Tachi: Stances for a Reason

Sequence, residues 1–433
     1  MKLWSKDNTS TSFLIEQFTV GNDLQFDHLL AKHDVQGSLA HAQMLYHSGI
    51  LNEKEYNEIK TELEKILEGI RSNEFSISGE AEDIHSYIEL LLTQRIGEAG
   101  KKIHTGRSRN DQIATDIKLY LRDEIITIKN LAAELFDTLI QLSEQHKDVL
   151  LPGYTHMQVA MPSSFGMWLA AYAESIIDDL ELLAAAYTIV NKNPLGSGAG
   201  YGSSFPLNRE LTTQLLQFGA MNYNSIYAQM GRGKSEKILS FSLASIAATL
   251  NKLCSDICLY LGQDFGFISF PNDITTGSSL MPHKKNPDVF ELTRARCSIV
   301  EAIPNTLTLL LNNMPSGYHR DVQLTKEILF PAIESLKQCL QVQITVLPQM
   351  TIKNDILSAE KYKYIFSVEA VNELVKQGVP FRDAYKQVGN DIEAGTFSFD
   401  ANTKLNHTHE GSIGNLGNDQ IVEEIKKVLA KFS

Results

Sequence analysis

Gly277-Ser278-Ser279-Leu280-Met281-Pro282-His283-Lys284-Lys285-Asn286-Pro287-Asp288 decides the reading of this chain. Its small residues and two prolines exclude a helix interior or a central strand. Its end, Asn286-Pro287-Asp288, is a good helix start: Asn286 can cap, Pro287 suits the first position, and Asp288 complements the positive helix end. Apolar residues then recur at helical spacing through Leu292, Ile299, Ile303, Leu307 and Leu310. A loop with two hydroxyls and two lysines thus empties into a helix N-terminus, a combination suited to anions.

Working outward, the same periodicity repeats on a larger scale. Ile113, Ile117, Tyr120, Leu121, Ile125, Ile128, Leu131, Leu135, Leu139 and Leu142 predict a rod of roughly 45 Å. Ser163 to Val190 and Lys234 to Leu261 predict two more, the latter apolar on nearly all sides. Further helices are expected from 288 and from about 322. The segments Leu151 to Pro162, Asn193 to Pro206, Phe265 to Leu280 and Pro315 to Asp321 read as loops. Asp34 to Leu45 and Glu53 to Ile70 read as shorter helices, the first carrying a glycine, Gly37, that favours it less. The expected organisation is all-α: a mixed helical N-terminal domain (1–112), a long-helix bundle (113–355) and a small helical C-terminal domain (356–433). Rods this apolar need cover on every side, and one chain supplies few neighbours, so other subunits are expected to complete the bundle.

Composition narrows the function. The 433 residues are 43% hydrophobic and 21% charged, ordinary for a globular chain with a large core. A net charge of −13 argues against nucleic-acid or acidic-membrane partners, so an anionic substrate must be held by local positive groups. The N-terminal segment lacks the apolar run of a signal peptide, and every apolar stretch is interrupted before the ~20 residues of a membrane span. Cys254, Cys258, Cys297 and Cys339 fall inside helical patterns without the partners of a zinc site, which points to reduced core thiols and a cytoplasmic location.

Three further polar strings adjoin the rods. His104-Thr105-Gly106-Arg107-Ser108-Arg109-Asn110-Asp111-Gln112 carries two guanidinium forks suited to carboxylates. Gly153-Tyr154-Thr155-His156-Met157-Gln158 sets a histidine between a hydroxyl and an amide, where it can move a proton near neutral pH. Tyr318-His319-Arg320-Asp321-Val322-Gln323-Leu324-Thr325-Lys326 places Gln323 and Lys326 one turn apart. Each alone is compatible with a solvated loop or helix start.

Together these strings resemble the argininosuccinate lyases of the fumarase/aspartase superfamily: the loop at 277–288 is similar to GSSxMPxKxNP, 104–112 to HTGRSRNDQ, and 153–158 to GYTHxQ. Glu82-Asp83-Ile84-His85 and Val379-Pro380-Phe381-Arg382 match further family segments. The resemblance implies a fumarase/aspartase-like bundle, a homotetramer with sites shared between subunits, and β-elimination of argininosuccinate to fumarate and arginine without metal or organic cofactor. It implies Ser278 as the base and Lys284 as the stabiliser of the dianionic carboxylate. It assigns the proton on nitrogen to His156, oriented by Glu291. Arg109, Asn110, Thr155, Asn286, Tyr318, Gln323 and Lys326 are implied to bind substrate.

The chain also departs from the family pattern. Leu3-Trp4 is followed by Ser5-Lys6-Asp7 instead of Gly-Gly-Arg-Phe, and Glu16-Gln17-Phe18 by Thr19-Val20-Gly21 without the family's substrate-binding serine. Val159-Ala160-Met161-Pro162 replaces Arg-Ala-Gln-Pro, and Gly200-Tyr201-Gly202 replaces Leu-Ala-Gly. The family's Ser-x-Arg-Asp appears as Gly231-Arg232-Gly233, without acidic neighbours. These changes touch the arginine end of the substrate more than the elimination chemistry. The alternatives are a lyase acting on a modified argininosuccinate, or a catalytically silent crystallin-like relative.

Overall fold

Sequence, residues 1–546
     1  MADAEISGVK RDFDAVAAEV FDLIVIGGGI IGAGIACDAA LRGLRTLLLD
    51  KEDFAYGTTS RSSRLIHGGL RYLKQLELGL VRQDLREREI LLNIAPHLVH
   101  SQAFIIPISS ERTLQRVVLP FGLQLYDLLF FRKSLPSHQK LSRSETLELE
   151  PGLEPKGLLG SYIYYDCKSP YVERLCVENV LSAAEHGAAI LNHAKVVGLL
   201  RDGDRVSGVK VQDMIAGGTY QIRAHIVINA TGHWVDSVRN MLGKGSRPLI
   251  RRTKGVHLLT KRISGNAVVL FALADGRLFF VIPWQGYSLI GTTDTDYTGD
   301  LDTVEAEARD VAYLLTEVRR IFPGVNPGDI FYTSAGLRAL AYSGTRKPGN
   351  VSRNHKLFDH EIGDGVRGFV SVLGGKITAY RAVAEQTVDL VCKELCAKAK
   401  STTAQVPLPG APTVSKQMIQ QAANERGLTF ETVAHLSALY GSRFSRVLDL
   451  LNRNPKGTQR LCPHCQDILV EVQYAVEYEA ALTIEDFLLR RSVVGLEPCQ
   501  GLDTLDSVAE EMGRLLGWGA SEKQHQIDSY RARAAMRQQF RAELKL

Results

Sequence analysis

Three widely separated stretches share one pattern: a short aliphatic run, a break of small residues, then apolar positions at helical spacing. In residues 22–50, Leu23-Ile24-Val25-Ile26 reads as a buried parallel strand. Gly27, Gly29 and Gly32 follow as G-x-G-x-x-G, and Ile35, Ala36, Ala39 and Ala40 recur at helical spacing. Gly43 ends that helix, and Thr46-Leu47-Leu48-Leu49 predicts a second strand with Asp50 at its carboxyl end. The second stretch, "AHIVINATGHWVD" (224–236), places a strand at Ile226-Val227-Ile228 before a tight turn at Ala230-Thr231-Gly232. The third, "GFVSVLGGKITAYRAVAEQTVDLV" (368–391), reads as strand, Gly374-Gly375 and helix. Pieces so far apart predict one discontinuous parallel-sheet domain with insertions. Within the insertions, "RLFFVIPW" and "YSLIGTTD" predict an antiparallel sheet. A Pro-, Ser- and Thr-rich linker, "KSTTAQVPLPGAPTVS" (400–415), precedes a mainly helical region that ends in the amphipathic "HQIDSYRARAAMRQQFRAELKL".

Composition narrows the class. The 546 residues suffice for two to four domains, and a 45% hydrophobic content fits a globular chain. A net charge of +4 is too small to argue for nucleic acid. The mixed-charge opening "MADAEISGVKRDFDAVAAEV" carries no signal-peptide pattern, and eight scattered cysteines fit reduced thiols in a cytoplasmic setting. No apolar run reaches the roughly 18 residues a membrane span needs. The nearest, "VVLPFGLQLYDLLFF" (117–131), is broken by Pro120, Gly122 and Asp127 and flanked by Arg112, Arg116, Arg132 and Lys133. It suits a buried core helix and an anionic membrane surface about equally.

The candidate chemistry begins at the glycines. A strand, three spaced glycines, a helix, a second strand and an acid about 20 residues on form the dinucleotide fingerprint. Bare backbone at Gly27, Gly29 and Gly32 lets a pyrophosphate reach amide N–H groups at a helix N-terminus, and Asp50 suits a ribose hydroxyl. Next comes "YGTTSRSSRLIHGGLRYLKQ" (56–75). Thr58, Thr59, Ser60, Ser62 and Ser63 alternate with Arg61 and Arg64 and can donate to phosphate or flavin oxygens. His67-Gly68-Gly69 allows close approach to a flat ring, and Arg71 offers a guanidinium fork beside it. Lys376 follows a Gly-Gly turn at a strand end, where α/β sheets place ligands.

In the Okinawan martial arts there has always been a great emphasis on stances. The reason for this, is that, through proper stance training, a small person can generate maximum power, which can then be used to effectively defend against a larger opponent. When Karate was first introduced into the Western world, one of it’s attractions was the power which the small practitioners of the art could generate. Stories were told of little men who could perform amazing feats and that size no longer mattered if the skill was sufficient. Today with combat sports abounding, where people are matched according to size and bigger people tend to have an advantage, little has been emphasized about the need for good stances. Yet there are times when a story will circulate about a small man or small woman, who defends him/herself against a larger opponent or in a gang situation. When these stories are told, suddenly the reason for good, old fashion Okinawan stance training is once again made clear. Two such stories that come to mind are as follows. A young woman, highly trained in the martial arts, who recently finding herself divorced, decided to visit a local night spot, in order to get back into the dating scene. She had not realized that the night life had changed so much from when she was single, and that things tended to be a lot rougher than when she was young. Anyway, she and a young female companion, went to the night spot, to dance and meet people. Two men approached them and decided that they were to receive all the young ladies attention. Trying to be nice, the martial artist thanked the men for their attention and said that she, and her very intimidated friend, would prefer not to be escorted. Unfortunately, one of the men had had too much to drink, and was overly aggressive. The martial artist realizing the danger, put herself between her companion and the aggressor, and with a loud assertive expression, insisted that the man leave them alone. At that point the man took a swing at the young lady, who simply fired a reverse punch, with full and proper stance transition, into his chest, knocking him back six feet, and giving him enough pain that he decided he did not want to hang around any more. The second story deals with a young man in his twenties who was only five foot seven, and not very massive. A group of street punks came into his yard and decided to beat him up, since he had been in the attempt of starting a neighborhood watch program. Using proper stance transitions and body movement, he was able to outmaneuver his attackers and defend himself, until he had an opening to escape. Both of these individuals were able to survive and come out on top of their situations due to proper martial arts training, which included stance training. There is one particular aspect of stance training which is essential for effective self defense techniques and full power striking. This can be called the art of the stance transition. In Japanese it is usually simply referred to as Tachi Sabaki, or stance manipulation. There are three main methods of stance transition, which involves flowing from one stance into another, so that maximum power is generated, with minimum effort. The first transition has the practitioner start in a Renoji Dachi, with the feet in a V position. From there the practitioner moves into Shiko Dachi, the square stance, and then with a pivot of the rear foot into a forty five degree angle, while straightening the rear leg, the person forms, Zenkutsu Dachi, a forward stance. In Kiyojute Ryu Kempo Bugei, the Shiko Dachi is also called the Shiko Kokutsu Dachi, square back stance, since the purpose of forming this stance is to generate power by pivoting into the forward stance. Thus this stance transition moves through the following stances; Renoji Dachi, Shiko Kokutsu Dachi, Zenkutsu Dachi. It must always be remembered that stances are not static postures taken and held, but rather points of reference in a motion. The object is never to simply freeze in a certain stance, but to move through it in the delivery of a technique. A second stance transition has the practitioner start in the Sochin Dachi, poetically meaning the peacekeepers stance, and then pivoting the hips while drawing the rear foot up into a Sanchin Dachi, three battle stance. In Kiyojute Ryu Kempo Bugei Sochin Dachi is called the Kakuto Kiba Dachi, fighting horse stance, since the idea is to stand in a horse stance with the body at a forty five degree angle to an assailant. Many consider the Kiba Dachi the ultimate fighting stance. From this stance it is possible to execute any of the martial arts techniques from throws to jointlocks, from punches to kicks. Using the stance at the forty five degree angle allows for the use of the rear hand and leg, as well as, the lead. A third, and very simple stance transition, has the practitioner, once again, start in the Sochin (Kakuto Kiba) Dachi and simply turn the hips while straightening the rear leg and pivoting on the balls of the feet into the Zenkutsu Dachi. Both of these latter stance transitions can be done starting from the Renoji Dachi and stepping into the Kakuto Kiba Dachi, or since many martial arts styles think of the Kiba Dachi as the nitty gritty stance, that once it is clear a confrontation is going to happen, then there is no reason not to start in the most effective fighting position possible, thus you can simply begin the stance transition in it. Once these stance transitions are mastered in form, it is necessary to know how to apply them in actual self defense. In the use of the first stance transition mentioned, the defended starts in the passion looking Renoji Dachi, making it clear by the posture, that the desire to fight is not present, yet by the very position being fully capable of defending against attack. When the person attacks the defender moves from the Renoji Dachi into the Shiko Kokutsu Dachi for stability and power. In certain circumstance, such as any type of linear attack, the movement is also a dodge, moving the body at a forty five degree angle out of the path of the attack. In true Okinawan fashion, the punch is thrown relatively straight off the shoulder, which if the practitioner has dodger at a forty five degree angle upon taking the Shiko Kokutsu Dachi, will align the fist with the solar plexus of the attacker. Using proper body alignment this means that the heel on the ground of the right foot, will push, driving the hip forward which will turn the shoulder, which will be directly behind the fist, with the elbow aligning properly, so that full body power is generated and directed into a vulnerable point on the body. This is the ultimate in human power generation, and the key to effective punching. In the second type of stance transition, the defender is already in the Kakuto Kiba Dachi, knowing that the fight is imminent, and wanting to be in a strong fighting position. When the attack comes the body is shifted accordingly, so that the power is either absorbed or diminished by going inside the point of focus. Then as the first punch is thrown, the practitioner moves into a Sanchin Dachi, so that the whole power of the body coming forward and rotating, generates force, imparting serious impact. The person may then use the flexibility of the bent knees to rotate the body back and forth, in the delivery of blows. Using a final left hand blow, if the left foot is forward, allows the practitioner to withdraw the right foot, back into the Kakuto Kiba Dachi, thus generating a great deal of power through counter rotation, and creating distance, just in case the attacker is not finished by the exchange. An application of the final stance transition is to simply pivot on the balls of the feet, to move from a Kakuto Kiba Dachi into a Zenkutsu Dachi. In actual self defense, this could be accomplish by executing a block at the same time that you enter the Kakuto Kiba Dachi, or already being in the stance. In either case the execution of the block begins setting the body for a full power torque into the attack with an appropriate strike. And this then is the most important point in understanding and knowing Tachi, stances. The stances are transitional phases of motion which effectively bring your body into position to apply a counterattack with the full possible power of your body. While it cannot add power in an unrealistic way, it does maximize the force your can humanly generate. Thus it is still very important that a person be taught how to properly form the weapons of the body, how to deliver those strikes efficiently, and where to strike for maximum effect. It does no good at all to simply hit someone, somewhere on their body, with something. You must hit them where it will hurt, and with something that will achieve the desired effect. Today we have many claims being made about ‘special’ systems of training, some claiming to be very old, others the ‘innovation’ of the decade, or in some cases by people claiming to have developed a ‘better’ way of doing the martial arts than the people who created them. The truth is simply this, the fighting arts have been around for thousands of years, and the martial arts for hundreds of years. There is nothing new to discover about fighting, but there is always personal improvement to be made. A martial art is only as good as the person learning it. If a person works hard, puts sufficient time into training, and is dedicated, they will be good. But that person needs to train properly. Each system has more than just techniques, they have principles and training methods. These principles and training methods need to be fully develop, so that the skills promoted by the system can be effective. Many people want to have some kind of ‘secret’ that will make them as good as a black belt, without having to train as hard as a black belt. That ‘secret’ does not exist. The only secret of the martial arts is, hard work! In a time when many of the old training methods are being called into doubt, especially in regard to their effectiveness, it is important to realize that there is a lot of difference between fighting in some kind of ring and fighting on the street. In boxing or kickboxing, if the fight does go to a decision, then it is very important to be ahead on ‘points’, or in a point tournament, it is not necessary to have full power generation, as long as the weapon strikes an appropriate target to score the point. Yet on the street there are no referees or judges. There is only survival, if your skills are sufficient to the situation. If a street situation does come to blows, knowing how to properly use stance transitions for full power generation, could be the difference between life and death.